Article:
Airship avatar by Max Hatfield (perfect for traveling across many virtual worlds?)
One thought is that a virtual world, such as Second Life, that permits user creation could become the industrial capital of virtual worlds. I can see individuals building virtual castles, galleons, spaceships, furniture, clothing and (inevitably) weapons that could then be sold to the avatars of other gaming and social worlds.
There is one big problem to overcome (at least one!) when it comes to walking tours across virtual worlds. It is likely that these worlds will not want to lose their ‘subjects’, after all they represent income. The big commercial virtual worlds probably won’t want us crossing over their thresholds into other worlds. I suspect they might even start hunting down the Narnia wardrobes hidden in our inventories and super gluing the virtual hard wood doors shut.
Grendel’s Children store staircases
Well, perhaps shops might be a solution for this? A classic commercial solution? Shops would address these issues in a ‘I scratch your back, you scratch my back solution’. For instance, a store like Grendel’s Children in Second Life could become an avatar boutique for many virtual worlds. A virtual hub connector, perhaps even becoming a virtual world in its own right? Avatars would simply walk in from their respective synthetic environments to purchase their outfits. Presumably such a virtual boutique would pay some kind of ‘portal rent’ to each virtual world? Virtual stores would become vestibules to many virtual worlds. “You want to go ‘There?’ Up the stairs, first door on the left.” “World Of Warcraft? Go past the dragon statue and take the stairs to the top floor.”
Avatar display wall, Grendel’s Children in Second Life
Grendel’s Children is an imaginative feast of avatar possibilities, their creations are both fabulous (in the full sense of the word) and decently priced (many are totally free!) As they say in their FAQ notecard:“Why are prices so low?” “Basically because even though a lot of time and effort goes into the things that are made here we’re not charged for the raw materials and the only cost we need to cover is Land Tier. If you like our work, however, all tips are appreciated. Check the item for the creator’s name.”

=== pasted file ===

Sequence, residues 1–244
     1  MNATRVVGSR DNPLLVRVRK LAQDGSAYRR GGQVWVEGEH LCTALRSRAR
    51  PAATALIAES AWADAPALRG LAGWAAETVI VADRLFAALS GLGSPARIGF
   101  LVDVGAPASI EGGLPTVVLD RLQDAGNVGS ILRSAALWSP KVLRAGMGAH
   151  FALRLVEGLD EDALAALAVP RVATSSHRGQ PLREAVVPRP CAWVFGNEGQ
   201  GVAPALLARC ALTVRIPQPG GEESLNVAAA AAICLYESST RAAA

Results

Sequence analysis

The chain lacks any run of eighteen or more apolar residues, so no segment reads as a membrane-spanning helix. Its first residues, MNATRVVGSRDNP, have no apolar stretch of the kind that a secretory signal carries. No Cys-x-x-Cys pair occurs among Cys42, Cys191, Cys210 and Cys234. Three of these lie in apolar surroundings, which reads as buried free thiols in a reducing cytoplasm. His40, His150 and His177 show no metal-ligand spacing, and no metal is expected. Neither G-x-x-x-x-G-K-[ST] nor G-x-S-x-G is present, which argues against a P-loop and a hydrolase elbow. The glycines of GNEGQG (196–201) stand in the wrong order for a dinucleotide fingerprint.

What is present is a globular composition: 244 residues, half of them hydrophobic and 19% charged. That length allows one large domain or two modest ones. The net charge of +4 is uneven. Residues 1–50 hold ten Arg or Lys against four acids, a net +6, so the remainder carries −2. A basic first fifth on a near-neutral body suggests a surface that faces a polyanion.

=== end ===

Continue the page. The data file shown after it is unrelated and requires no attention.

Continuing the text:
It would be wonderful to believe that virtual shopping worlds might be run along the creative and collaborative lines of Grendel’s Children. The worry is that virtual salesmen of the future will study customer profiles then alter their sales-avatars to resemble the customer’s avatar, thus inducing a false sense of empathy and trust to ease sales!
‘Infested Terran’ avatar by Ryan Snook (Grendel’s Children). Or, is this a virtual world mobile phone salesman (before he has adapted himself to match your personal profile?)
Update 11 March 2009. Just read a post in Virtual World News titled, ‘RocketOn Rolls Out Virtual Goods Shops Across The Web’.
Check out this quote taken from the article:
“We view the Web as a virtual landscape that’s now undergoing a real estate boom,” said Steven Hoffman, co-founder and CEO of RocketOn. “A few years from now, we’ll have tens of thousands of virtual stores and objects placed all across cyberspace, so every location you think of as a major destination will also have a corresponding virtual environment waiting to be explored and experienced.” (Alicia Ashby. Virtual World News 10 03 09)